Thursday, 17 January 2013

Rude Word

It happened a little over a week ago. Little A was having some quiet time in her cot. I was slouched sloth-like on the nearby futon - the cover in dire need of a clean (toothpaste gets everywhere) - reading a book and trying to ignore the fact that the passing time was anything but peaceful. This was noisy time...

So Little A was role playing with an assortment of in-house cot teddies... There's Mother and Father and Kitty Cat and Rowena. It's the game she usually plays, and I give her cursory glances as I turn the pages of my novel, settling into the thread of the plot as my daughter mediates a dispute between her furry family....

"Be quiet you silly buggers!" 

Now that word commands my attention. I sit up, decidedly unsloth-like, alert as a meerkat, shocked at the words spilling forth from Rowena's stitched mouth.

"Pardon? What did you just say?"

"Be quiet you silly buggers."

"We don't say the word bugger. Where did you learn it from?"

"Saffron at nursery said it."

"I don't think she did. That's not a nice word."

"Silly buggers. Silly buggers. Silly buggers."

"Little A, I'm warning you..."

"Are you going to put me on the thinking cushion mummy?" She asks, her eyes goading, full of mischief.

"Don't tempt me Little A," as I wrestle every muscle intent on pulling 'the poker face' into a smile. This, I realise with eagle eyed clarity, is when a mother undoubtedly needs botox.

I'm treading on a knife's edge here. I mustn't laugh. I cannot collude with the rapscallion's behaviour. Secretly though, I'm on her side. This is hilarious. I love the way she articulates bugger with such phonetic roundness. And where did she learn it from? Not me surely? Soap hasn't been within an inch of my mouth apart from the aftermath of the ladder incident - but that was just a one off, a rogue island amidst a daily sea of well mannered diction...(honestly)

"Buggers."

"RIGHT! TO THE THINKING CUSHION!"

And after a tearful stint on the cushion that-must-not-be-named, Little A apologises for her rueful choice of words. And then there was no more of that word.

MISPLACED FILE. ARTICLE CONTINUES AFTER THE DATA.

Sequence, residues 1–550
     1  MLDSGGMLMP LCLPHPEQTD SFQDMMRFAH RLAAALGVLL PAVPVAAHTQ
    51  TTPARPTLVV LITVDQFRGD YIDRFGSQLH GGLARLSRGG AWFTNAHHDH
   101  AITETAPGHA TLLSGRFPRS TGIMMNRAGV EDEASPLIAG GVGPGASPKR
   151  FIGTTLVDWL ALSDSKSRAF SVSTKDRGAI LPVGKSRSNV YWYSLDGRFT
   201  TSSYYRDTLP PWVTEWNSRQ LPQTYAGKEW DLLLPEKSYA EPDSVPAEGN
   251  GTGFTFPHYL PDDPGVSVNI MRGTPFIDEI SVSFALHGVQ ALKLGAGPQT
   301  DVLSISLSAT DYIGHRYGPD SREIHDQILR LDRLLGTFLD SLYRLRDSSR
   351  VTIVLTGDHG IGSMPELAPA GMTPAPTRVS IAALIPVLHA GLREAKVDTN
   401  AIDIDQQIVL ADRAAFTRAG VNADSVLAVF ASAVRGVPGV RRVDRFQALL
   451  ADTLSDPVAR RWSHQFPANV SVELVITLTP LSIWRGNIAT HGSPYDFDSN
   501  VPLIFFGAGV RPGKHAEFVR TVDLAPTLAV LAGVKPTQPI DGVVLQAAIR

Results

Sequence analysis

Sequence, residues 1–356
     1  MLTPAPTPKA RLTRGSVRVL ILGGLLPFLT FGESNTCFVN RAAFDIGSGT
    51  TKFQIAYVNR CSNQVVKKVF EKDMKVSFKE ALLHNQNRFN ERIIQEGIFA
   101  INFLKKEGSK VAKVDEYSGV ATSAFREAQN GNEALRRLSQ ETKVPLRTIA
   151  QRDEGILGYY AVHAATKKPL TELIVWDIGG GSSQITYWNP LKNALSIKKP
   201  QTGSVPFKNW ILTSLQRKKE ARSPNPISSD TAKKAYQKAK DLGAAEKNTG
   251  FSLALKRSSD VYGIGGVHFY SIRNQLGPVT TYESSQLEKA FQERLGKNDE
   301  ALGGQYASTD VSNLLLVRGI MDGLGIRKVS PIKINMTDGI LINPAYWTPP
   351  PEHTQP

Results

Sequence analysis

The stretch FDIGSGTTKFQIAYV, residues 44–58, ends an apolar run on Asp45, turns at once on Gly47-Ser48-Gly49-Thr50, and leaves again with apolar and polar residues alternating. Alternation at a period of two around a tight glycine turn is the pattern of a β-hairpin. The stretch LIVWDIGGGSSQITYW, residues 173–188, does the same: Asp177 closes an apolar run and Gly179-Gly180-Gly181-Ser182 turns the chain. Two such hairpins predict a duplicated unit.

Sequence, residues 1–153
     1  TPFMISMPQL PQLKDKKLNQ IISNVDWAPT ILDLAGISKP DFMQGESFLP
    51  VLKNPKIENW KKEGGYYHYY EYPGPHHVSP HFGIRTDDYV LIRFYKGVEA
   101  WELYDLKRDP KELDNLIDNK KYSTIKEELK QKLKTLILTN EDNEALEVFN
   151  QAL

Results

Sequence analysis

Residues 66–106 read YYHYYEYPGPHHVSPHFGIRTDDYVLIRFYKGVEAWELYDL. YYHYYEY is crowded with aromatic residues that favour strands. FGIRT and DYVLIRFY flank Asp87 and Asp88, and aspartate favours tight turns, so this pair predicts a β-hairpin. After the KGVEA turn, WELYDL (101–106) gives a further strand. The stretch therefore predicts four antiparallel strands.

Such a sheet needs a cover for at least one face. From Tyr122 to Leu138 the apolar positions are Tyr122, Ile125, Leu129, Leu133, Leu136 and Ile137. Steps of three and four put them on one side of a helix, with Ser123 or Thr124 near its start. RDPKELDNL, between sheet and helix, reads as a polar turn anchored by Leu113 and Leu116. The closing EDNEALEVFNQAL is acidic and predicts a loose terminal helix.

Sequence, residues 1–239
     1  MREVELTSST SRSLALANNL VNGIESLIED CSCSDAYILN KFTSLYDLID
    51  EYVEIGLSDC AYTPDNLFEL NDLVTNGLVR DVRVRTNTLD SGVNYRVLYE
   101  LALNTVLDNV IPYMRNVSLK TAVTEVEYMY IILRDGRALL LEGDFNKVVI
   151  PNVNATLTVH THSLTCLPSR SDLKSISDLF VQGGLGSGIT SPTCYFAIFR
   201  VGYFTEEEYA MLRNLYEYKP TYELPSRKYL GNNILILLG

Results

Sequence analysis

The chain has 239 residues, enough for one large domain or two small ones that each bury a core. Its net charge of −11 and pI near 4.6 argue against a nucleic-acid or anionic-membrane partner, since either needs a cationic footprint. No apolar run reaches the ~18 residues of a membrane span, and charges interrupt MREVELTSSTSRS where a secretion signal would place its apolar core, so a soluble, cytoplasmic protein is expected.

Until yesterday teatime...

Little A was playing witches and mermaids with a plastic IKEA knife and fork as I finished the scraps from her sheep-cow-pig themed plastic plate.

"Silly buggers," she mutters under her breath.

"Er, Little A, what did you say?"

"It wasn't me mummy, it was the sea witch."

"Really? I didn't think forks could talk."

"And it was my little finger too," waggling a small digit at me.

Little A smiles at her cleverness, her fait accompli at having accused both a fork and a finger of language most foul.

And I am stumped.

Do I draw attention to her words and make a meal out of it with sessions on the thinking cushion? Or do I just ignore it?

Calling upon all mothers, how do you handle the situation if your wee innocent bairn swears?  

I apologise for the language used in this post, it was Little A, not me. I have since added soap to the shopping list. And Younger Dad thinks she may have picked up that word from Granny of all people - Cussons for her next Christmas....

48 comments:

  1. 'Alert as a meerkat!' Got a real picture of you with that! Well, you have to admire the girl. You let her know you didn't approve - it's important to be consistent, but the more attention you give it, the more she's likely to use it. I think you did the right thing by letting it go in this instance. You wait until she's 12 ;)X

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    1. Next time this happens, gut feeling is telling me to ignore it! She's gonna be a handful when she hits 12. X.

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  2. Sadly mine has only just turned one do I have no advice to give! But I had to comment as this post really made me giggle - I don't know how u managed to keep a straight face! Kids r so funny ;) xxx

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    1. It was very nearly impossible - and the thing is, she knew she was being funny! Thank you. X.

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  3. Hah.... I was about to say wait 'til she's 13!
    Yup, think you handled it well... and gave us a good laugh!

    xx Jazzy

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    1. I want to wait as long as possible! Glad I made you smile! X.